But the Government of the United States is not for the gratification of the people who happen to hold office. It is established to promote the general welfare of all the people. That is the American ideal. No matter how many officeholders there may be, or what their origin, our institutions are a failure unless they serve all the citizens in their own homes. It is always necessary to find out what effect the institutions of Government and society have on the wage earner, in order to judge of the desirability of their continuation. One of the outstanding features of the present day, is that American wage earners are living better than at any other time in our history. They have not only retained, but actually increased, the gains they made during the war. The cost of living has been high, but the increase in wages has been greater. Compilations of the Department of Labor demonstrate that the wages of an hour, or a day, buy more now than it ever did before. Not only are the American wage earners now receiving more money, and more of the things that money will buy, for their work, than any other wage earners in the world, but more than was ever before received by any community of wage earners. We have here in the United States not only the best paid workers in the world, but the best paid workers that ever lived in this world.
All this has been accomplished in spite of a general shortening of the hours of labor in the industries. The case of the iron and steel, and the box board industry, are particularly notable in this regard. As a direct result of President Harding’s initiative the iron and steel manufacturers were brought together, and an agreement was reached under which the 12 hour day and the 7 day week have been eliminated. Secretary Davis did the same for the box board workers.
Yet this has been done without any loss in wages. On the other hand, there has been actual gain. The Department of Labor statistics show that in 1924 the customary working time per week in blast furnaces has been reduced to 75 per cent of the customary working time per week in 1913. But earnings per hour in 1924 are more than two and one half times the earnings per hour in 1913. Despite the great reduction in hours, weekly earnings in this industry stand 90% above weekly earnings of 1913.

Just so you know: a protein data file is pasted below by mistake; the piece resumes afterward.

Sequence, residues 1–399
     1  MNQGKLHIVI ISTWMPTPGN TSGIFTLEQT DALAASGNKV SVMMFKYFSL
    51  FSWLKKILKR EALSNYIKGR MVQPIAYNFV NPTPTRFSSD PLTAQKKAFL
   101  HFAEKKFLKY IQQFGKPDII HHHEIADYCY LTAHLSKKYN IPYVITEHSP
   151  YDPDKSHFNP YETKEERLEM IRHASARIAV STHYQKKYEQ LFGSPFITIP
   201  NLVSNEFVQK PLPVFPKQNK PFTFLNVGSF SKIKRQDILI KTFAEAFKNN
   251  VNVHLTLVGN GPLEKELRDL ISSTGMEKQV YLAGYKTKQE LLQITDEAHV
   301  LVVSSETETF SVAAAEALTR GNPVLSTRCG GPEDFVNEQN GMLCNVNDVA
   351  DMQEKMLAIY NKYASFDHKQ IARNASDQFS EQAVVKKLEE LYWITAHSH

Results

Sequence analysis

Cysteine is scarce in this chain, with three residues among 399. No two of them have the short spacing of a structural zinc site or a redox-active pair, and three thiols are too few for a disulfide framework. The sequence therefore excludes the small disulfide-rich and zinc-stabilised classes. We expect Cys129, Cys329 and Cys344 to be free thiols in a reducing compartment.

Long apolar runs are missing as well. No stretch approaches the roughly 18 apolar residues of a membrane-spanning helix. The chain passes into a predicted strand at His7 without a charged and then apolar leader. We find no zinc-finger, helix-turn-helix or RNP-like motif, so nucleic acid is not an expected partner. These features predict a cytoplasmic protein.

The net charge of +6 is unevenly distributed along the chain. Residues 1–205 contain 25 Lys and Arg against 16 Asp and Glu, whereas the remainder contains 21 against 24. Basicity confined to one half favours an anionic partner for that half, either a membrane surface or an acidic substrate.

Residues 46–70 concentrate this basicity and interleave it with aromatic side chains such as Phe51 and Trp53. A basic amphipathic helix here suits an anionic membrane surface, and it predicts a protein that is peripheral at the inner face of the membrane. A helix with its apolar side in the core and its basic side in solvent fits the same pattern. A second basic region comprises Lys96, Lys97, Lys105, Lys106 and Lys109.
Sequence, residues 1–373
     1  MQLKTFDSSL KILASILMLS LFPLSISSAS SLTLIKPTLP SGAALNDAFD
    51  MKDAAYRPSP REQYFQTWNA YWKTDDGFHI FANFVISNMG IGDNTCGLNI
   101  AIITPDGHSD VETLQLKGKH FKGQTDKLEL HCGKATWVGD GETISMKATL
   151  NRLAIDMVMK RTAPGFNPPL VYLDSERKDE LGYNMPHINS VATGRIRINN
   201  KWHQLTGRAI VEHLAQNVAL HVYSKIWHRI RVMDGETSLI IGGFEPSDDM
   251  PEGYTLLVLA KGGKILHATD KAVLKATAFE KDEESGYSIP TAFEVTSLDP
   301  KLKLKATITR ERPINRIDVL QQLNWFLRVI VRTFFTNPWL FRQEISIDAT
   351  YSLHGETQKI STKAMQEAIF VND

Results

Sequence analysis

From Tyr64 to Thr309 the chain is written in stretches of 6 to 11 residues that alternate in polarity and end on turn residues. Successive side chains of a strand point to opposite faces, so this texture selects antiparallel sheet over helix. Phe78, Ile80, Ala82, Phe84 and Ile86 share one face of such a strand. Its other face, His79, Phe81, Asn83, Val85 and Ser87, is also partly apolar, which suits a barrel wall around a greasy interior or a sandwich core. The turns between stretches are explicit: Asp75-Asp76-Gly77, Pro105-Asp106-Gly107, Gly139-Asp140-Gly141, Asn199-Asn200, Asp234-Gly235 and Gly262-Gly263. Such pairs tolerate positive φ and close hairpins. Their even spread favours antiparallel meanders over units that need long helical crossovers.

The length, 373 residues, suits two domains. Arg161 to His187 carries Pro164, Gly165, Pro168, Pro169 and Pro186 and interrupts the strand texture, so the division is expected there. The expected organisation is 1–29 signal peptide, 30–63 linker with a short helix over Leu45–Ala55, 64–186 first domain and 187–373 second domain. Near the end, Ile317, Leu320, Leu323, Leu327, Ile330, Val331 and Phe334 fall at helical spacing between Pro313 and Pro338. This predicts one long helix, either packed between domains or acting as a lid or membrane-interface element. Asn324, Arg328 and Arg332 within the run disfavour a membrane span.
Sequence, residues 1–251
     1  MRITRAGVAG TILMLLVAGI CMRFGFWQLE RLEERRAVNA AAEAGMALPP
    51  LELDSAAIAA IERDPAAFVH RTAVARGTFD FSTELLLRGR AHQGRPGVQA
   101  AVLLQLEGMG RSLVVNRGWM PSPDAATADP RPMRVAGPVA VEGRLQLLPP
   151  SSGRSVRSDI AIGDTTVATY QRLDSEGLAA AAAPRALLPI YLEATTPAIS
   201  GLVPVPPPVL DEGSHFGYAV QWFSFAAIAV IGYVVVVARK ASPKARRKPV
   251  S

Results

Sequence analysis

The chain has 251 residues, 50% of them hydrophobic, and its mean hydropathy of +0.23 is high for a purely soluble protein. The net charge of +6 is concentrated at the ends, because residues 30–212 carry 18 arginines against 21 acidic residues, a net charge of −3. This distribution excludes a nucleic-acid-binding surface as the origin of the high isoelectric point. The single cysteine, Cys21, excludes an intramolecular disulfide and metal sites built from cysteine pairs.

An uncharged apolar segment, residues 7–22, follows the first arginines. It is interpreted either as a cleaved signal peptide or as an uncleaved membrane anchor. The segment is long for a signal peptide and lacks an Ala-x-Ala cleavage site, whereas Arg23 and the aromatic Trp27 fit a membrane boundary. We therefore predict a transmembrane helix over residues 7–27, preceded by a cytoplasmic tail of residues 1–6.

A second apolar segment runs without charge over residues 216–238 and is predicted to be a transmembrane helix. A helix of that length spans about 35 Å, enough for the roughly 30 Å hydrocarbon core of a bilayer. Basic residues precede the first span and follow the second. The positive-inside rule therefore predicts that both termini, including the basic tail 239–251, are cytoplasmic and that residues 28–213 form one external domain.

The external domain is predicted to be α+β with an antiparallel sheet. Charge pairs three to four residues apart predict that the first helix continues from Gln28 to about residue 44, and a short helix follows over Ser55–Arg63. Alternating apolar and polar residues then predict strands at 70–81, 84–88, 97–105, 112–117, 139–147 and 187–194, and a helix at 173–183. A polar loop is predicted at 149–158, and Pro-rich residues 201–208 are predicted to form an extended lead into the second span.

In the open hearth furnace department of the iron and steel industry, working hours are now only 74% of the working hours of 1913. But earnings per hour are more than two and two-thirds times the earnings per hour of 1913. Earnings per week are 99% above the weekly earnings of 1913. All other departments of the iron and steel industry have enjoyed large increases in earnings per hour and per week.
I know that figures are sometimes tiresome. But these I am quoting are so eloquent that I am sure you will pardon other illustrations. In the shoe industry regular working hours are now 11% lower than in 1913, hourly wages are two and one seventh times those of 1913, and full-time weekly earnings are 92% above those of 1913.
In cotton manufacturing hourly earnings are more than two and one half times those of 1913. Working hours have been reduced 8%, and wages by the week are almost two and one third times what they were in 1913.
The figures I have quoted apply to workers in these industries, regardless of whether they are organized or unorganized. A study of wages in organized trades shows that in 1923 the average wage per hour was two and one ninth times that in 1913, and two and one third times that of 1907. Taking the entire body of union men, working hours have been reduced 6% as against 1913 and 8% as against 1907. But their weekly pay in 1923 was 99% higher than in 1913, and two and one sixth times as high as in 1907. And let it be added, the figures show that average wages of organized workers in 1924, are higher than in 1923.